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2011 Child and Family Poverty Report Card – Social Planning Council of Winnipeg

Thursday, Sep 22nd, 2011

The Portrait of Poverty

1. Executive Summary

Poverty continues to have a detrimental impact on the lives of nearly one in three children in Manitoba. According to the Statistics Canada Low Income Measure (LIM, before taxes), over 90,000 children live in poverty. Included in these unreasonably and unnecessarily high numbers are nearly 30,000 Manitoba children whose families do not receive the necessary supports to meet their basic needs, as measured by the Market Basket Measure (MBM).The number of children and their families who struggle financially has not changed significantly since 1989 when the Federal Government passed an all-party resolution to end child poverty in Canada by the year 2000.

The portrait of poverty presented in this report includes a statistical profile of poverty as seen through the lens of Campaign 2000, a national effort to eradicate poverty. The portrait also describes some of the ways people find to cope with poverty. In general, poverty is presented here as both a measure of deprivation (not having enough money) and social exclusion (being restricted in striving for a higher quality of life).

The data in this Child and Family Poverty Report Card clearly illustrates the dire circumstances faced by those living below accepted poverty measures. The Report Card is a social critique and offers constructive recommendations to stimulate Manitobans to exert influence on those who can reduce, and hopefully eradicate poverty. Using 2009 data, the latest available, we see that a portrait of poverty in Manitoba includes:

• 92,650 children in Manitoba living in families under the poverty threshold
• 29,000 children in Manitoba living in families with annual incomes insufficient for meeting basic needs
• 29,563 Manitoban children using food banks each month because their families cannot afford to purchase the necessary food they require
• 59,734 Manitobans accessed Employment and Income Assistance
• The richest 20% of Manitoban families have more total income than the poorest 60% of the population.

What these numbers display is that poverty and inequality persist despite official and unofficial efforts to increase incomes and lower the social/economic barriers that people living in poverty face. Since 1989 when the Parliament of Canada unanimously voted to end child poverty by the year 2000, there has been focused interest on developing poverty reduction strategies at the provincial level. While some of these strategies have not yet had time to have a full impact, the cruel reality is that more than 30% of Manitoban children have been living in poverty for the last three decades.

A potential asset on the horizon for those living in poverty is the newly passed Poverty Reduction Strategy Act (June 2011). Similar governmental efforts in Quebec and Newfoundland and Labrador have shown how concerted government policies and programs can reduce the numbers of people living in poverty. The Province of Manitoba introduced the “All Aboard” Poverty Reduction and Social Inclusion Strategy to create the conditions that would allow people to participate fully in society. In the Strategy are four pillars of the plan to designed to reduce poverty:

• safe, affordable housing in supportive communities
• education, jobs and income support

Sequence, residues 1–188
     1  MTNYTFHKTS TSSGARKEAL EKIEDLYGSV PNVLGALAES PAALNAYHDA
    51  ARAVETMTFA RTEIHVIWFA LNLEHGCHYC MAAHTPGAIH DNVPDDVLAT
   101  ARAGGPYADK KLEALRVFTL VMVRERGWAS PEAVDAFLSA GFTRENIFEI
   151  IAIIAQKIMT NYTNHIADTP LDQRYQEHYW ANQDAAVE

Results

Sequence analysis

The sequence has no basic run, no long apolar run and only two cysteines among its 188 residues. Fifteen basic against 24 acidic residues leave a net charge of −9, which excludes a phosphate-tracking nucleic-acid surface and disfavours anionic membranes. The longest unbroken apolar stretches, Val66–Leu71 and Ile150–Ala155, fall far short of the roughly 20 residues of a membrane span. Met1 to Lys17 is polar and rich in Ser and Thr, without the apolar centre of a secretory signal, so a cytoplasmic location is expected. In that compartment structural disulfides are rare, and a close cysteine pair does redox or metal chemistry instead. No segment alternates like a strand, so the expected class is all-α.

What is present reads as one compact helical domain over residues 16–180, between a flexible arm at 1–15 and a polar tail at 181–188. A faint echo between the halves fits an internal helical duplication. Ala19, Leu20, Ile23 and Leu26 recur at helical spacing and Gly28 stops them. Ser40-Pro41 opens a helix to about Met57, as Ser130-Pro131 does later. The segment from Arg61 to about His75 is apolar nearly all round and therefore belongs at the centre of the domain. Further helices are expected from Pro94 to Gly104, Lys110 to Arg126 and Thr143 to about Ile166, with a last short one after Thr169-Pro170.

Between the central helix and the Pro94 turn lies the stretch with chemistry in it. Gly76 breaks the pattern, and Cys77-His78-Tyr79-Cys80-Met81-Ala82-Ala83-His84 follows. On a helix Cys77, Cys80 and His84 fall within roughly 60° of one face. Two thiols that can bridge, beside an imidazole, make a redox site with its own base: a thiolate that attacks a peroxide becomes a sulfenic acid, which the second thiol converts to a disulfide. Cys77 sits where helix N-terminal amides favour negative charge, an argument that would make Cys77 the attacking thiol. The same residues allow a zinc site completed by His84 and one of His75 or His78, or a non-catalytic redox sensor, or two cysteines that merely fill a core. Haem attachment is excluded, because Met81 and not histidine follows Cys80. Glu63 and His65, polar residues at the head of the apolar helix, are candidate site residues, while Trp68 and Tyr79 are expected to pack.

• strong, healthy families
• accessible, co-ordinated services

We have yet to see what impact the Manitoba Poverty Reduction Strategy will have on poverty in the long term.

Despite the introduction of social programs, high numbers of Manitoba children and their families are continuing to rely on social supports to maintain a rudimentary lifestyle. Thousands of people in Manitoba are relying on Employment and Income Assistance (EIA), Employment Insurance, social housing, food banks, local charities, families and a number of health and social services. Current supports offered by community organizations are stressed to capacity and overloaded. For many people accessing EIA , a significant proportion use it only once and get back on their feet, while some, particularly people with disabilities and people with significant barriers to employment, remain on welfare for years. None of these supports provide people a living income, though they do help people fend off the worst implications of poverty. These supports do not necessarily give people the leverage to improve their capacity to thrive, but, at least, they are able to fend off the worst dimensions of destitution.

There is no one reason that poverty persists in Manitoba. While some people are moving up the income ladder and becoming financially independent, others are losing their jobs, getting reduced hours, moving off reserve, experiencing family bread down or coming into the province and need support. Generally, economic conditions, combined with taxation changes have not generated the jobs and government revenues that are needed for major efforts to help people extricate themselves from poverty conditions.

For the future, Manitobans living in poverty or on its precarious margins can expect continued financial stress and will still have to find new ways of making ends meet. Global economic conditions are precariously balanced, and government resources particularly the federal transfer payments to the province are not expected to increase.

In our assessment, we as society get a failing grade. While there is a great deal of public concern about economic and social ramifications of poverty, it appears we have not made the effort to change things. We are doing what is required to mitigate the worst effects of poverty, but we have not taken the major steps needed to eradicate child poverty.

Download 2011 Child and Family Poverty Report Card – Social Planning Council of Winnipeg